Friday 30 April 2010

From Beer to There - Eastern European Beers

Last night our "From Beer to There" class met at one of my favourite pubs in the city, The Victory Café, for the night's session on Eastern European Beers.

Originally the session was called German Beers but as Mirella explained, the beer style is not just specific to Germany but more a style of the region, taking in Czechoslovakia, Poland, Hungary and Austria.

We covered the Reinheitsgebot, also known as The German Purity Law, which I have written about before, and the creation in 1842 of what we now call Pilsner. The citizens of Bohemia, now the Czech Republic, were revolting and dumping kegs of beer on the doorstep of the mayor of Pilsen. The mayor then took charge of the issue and brought in a German brewer, Josef Groll, to create a better beer. Kroll had learned about lagering, storing beer in a cool area for an extra long time and using a different strain of yeast, known now as lager yeast which works much longer and more efficiently and creates a clearer beer.

He also had studied about English beer and how the British had come up with a way to produce a golden coloured beer. Combined with Pilsen's soft water and local Saaz noble hops, he created a fabulous beer which took Eastern Europe by storm, the Pilsner. Other breweries caught on to this process and started making their own versions, much to the displeasure of the town. So the local brewery started to call their pilsner Pilsner Urquell, which interpreted means "source of the Pilsner". Lagers and Pilsners swept the region and still dominate the beer scene there today.

Then came my favourite part of the class, beer sampling. First one up was King's Pilsner, which is my favourite Pilsner out there. It is a Czech-styled lager with a nice hoppy bite. Note to self, pick some up for the weekend.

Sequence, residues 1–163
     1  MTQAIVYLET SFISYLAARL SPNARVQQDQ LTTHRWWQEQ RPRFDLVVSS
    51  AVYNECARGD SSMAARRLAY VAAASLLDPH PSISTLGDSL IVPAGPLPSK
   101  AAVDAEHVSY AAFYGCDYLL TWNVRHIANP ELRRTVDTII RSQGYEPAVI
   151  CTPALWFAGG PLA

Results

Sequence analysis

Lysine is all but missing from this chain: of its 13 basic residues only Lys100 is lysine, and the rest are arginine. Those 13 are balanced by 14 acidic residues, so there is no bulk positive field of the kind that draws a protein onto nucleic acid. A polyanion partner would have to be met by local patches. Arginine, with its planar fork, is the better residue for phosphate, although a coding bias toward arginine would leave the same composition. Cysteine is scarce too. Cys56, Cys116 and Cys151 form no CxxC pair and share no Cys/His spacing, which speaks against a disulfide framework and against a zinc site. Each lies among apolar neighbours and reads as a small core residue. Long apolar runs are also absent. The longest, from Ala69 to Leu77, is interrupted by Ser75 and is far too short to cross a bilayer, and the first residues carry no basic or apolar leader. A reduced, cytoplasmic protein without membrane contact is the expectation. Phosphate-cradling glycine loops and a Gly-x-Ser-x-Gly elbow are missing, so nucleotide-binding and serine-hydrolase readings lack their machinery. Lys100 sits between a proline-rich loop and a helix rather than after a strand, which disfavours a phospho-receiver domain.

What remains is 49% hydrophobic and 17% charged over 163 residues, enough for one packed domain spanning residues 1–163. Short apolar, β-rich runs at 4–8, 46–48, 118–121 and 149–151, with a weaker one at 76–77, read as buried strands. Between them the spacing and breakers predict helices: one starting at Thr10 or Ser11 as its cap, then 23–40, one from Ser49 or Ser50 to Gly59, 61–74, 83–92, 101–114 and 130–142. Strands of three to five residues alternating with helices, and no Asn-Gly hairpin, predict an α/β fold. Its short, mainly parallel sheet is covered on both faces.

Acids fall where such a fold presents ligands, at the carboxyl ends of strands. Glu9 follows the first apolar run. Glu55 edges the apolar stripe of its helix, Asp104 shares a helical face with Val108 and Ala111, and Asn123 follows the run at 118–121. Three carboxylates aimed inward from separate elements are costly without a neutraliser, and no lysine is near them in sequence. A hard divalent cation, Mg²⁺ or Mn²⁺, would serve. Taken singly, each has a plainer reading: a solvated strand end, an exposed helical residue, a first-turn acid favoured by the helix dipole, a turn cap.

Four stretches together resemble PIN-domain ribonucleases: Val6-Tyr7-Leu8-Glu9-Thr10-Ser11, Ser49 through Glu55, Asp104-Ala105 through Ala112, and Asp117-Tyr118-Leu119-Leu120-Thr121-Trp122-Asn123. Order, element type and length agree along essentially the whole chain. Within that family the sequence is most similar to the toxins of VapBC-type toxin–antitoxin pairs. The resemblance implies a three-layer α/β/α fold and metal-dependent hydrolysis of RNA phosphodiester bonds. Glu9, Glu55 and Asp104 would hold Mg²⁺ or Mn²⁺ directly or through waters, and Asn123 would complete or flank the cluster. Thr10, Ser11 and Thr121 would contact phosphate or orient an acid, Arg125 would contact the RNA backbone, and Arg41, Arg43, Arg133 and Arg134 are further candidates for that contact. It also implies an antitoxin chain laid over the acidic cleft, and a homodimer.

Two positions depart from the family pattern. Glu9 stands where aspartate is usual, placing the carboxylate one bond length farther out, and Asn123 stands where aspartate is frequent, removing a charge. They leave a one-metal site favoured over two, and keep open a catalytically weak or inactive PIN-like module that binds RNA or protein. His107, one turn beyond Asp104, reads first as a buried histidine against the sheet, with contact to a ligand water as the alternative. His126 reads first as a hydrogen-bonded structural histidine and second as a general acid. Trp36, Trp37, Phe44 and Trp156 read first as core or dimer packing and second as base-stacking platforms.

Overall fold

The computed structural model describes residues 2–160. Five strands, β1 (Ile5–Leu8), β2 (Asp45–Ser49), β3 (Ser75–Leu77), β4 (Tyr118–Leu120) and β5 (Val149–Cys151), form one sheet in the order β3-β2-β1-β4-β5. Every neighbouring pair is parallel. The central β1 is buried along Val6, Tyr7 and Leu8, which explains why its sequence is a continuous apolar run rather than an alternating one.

Next came Beau's Lug Tread a lagered ale. This is an ale which was stored for an extra long period to refine the taste. I find it more sour than hoppy.

We then changed pace to Kostritzer which is a Schwarzbier, or black beer. It was much sweeter than I expected, with a slight coffee taste from the roasted malts and after someone pointed this out, also noticed a slight liquorice taste. It was a very nice beer.

Denison’s Weissbier was up next. Ontario should be proud as this is ranked as one of the world's best weissbiers. It pours cloudy with the aroma and taste of spice (clove) with a slight hint banana and lemon. Apparently these flavours come from the yeast. Another enjoyable beer. I am starting to really enjoy wheat beers.

Our last sample of the night was a Meibock from Holstein. A Meibock is a lager which is brewed to drink in May. It was copper in colour with an apple sweetness. Mirella asked if any of us noticed a slight "cardboard" taste. With my unrefined nose and taste buds, I could not but others in the class did. Oxygen is an enemy of beer and this taste came from the cans containing some oxygen and being slightly off. Good to learn about the bad with the good.

All in all another fabulous class put on by Mirella. Next week it is English-style beers.

I'm loving Thursday nights.

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